The last question — of the Word as it is in our subjectivity, our absent gaze, as it is thus a perception or symbol of its objective self, a mask before a mask before nothingness or absence — presents to us the conclusion, or rather a notation which is stepping stone along a greater path, that the Word creates itself, demarcates itself its terms and limits and foundation for existence. This self-birth nevertheless is not preceded by this self-demarcation of the footing for this birth, but the latter process occurs simultaneously with the former — both thrusting the Word into absolute existence (absolute existence as object-existence that does not follow any movement of becoming, towards existence) — the Word, in its birth and foundation to hold its birth, being neither emergent nor moving but already existing. The Word does not emerge from out or within the present time, from out or within our gaze, as a phenomenon, but rather enters our gaze from without, stands across from us, in absolute and timeless being — and we, mute, wordless, take the Word — that come to us from outside our gaze and our subjectivity — for our own.
The Word is neither emergent from nor existent within our gaze which is directed towards the present, our subjectivity, but comes to us and emerges from us as a timeless, abyssal, insuperable whole of itself. This is to say — as the ancients called poets prophets (poeta vates) — that the Word, if a timeless transcendent and descending whole, is the face God, a mask behind which is the presence of absence, a symbol which thrusts forth and stands unmoving in absolute existence, without a present or past or future. And as the Word descends and falls to come within our gaze, we scarcely raise our heads and already we see it in its wholeness and know it and birth it from our lips and pens as the fruit of our thought — a fallen, mortal, material fruit that was whole and eternal before its earthly conception. The resultant sum of words — brought into ink from the thrusting forth of this wholeness, this poetic force in thought — similarly births itself and builds the foundation to hold its birth simultaneously. And, at last, this divisible sum of words creates through reflection an indivisible image (the poetic image whole) which creates, inhabits and transcends each word and part; this image, then, is the Word, the mask before the mask, the face of God in its absolute, unconquerable, unmoving presence and existence without birth or death. The space across which this poetic image whole is reflected is an empty space, the material world, the world of thought, the world and being behind the subjective gaze.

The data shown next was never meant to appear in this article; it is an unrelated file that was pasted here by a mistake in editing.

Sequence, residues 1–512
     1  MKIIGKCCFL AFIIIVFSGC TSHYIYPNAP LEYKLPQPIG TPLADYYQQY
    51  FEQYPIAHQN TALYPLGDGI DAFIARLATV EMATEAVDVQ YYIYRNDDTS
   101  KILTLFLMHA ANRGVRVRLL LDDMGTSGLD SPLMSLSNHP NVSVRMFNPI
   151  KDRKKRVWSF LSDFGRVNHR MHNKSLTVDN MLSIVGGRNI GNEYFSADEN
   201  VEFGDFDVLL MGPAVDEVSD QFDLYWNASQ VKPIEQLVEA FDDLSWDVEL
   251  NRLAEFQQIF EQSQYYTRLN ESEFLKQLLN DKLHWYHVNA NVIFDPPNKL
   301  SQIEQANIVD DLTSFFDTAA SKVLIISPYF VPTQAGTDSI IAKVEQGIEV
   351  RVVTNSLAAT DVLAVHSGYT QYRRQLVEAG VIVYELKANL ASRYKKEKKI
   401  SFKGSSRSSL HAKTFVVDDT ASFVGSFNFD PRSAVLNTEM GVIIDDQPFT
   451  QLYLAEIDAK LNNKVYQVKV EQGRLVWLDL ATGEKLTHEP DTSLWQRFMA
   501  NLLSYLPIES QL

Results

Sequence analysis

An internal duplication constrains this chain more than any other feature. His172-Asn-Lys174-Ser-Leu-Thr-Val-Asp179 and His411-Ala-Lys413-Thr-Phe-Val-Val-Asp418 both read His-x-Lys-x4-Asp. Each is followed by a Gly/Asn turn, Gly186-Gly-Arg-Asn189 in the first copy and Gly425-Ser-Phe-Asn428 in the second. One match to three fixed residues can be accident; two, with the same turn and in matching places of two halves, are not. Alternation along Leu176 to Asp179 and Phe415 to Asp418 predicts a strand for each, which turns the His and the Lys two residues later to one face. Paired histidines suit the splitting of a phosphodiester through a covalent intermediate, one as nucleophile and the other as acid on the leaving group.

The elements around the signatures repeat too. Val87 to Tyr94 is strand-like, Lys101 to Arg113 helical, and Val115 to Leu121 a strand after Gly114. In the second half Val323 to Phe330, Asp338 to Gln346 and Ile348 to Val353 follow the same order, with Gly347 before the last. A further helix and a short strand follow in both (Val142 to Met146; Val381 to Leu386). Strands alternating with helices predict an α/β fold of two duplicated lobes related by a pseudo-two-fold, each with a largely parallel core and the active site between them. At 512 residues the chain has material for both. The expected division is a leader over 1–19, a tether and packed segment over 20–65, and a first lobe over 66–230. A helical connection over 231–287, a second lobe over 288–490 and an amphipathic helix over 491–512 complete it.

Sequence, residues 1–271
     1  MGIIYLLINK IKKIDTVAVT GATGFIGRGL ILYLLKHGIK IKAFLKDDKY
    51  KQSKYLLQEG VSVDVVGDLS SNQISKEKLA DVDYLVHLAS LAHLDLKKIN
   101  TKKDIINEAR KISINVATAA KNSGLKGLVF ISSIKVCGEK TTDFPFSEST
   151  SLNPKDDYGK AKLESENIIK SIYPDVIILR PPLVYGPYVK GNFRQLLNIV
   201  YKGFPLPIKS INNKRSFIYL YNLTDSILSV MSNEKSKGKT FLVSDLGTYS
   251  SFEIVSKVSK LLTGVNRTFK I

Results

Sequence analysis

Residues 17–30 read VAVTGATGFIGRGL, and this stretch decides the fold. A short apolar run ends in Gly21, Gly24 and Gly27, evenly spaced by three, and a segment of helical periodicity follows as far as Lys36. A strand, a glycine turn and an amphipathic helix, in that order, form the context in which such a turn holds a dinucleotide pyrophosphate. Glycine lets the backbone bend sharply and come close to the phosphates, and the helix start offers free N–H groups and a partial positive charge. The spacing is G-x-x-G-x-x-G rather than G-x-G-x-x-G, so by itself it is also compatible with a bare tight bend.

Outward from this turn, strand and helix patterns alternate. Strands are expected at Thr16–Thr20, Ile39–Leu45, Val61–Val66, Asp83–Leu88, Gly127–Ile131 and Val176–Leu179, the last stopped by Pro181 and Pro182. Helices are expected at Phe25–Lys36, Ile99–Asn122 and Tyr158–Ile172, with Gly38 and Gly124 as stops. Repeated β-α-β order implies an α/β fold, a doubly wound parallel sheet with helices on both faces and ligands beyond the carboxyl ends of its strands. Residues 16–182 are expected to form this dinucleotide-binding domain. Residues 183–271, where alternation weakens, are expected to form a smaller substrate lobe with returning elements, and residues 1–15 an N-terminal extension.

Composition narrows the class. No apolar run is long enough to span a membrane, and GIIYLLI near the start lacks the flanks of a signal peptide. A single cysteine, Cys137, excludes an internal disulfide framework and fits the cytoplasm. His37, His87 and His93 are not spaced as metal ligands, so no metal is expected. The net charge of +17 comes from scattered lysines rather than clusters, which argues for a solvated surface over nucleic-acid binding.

The Word — as we see it and take it and cast it with our rotting hands onto the rotting ground — is eternity surrogated by mortality, gold found amidst but not formed from dust. It is our tragedy, of our blindness, that our gaze sees our end and nothing beyond it. As it is a presence, the Word is the face of God, a mask which looks at us and we at it, which speaks to us and we write — and we, poets, fall into the earth, kissed and thrown forth by the divinity. We weep and trace an eternity in the dust, we weep and from our rot sing our tragedy, we weep and birth the divinity and end after the birth — we, mute surrogates, passive hordes — seeing, knowing, weeping and without words.
Nickolas is a columnist for the Paper Crane.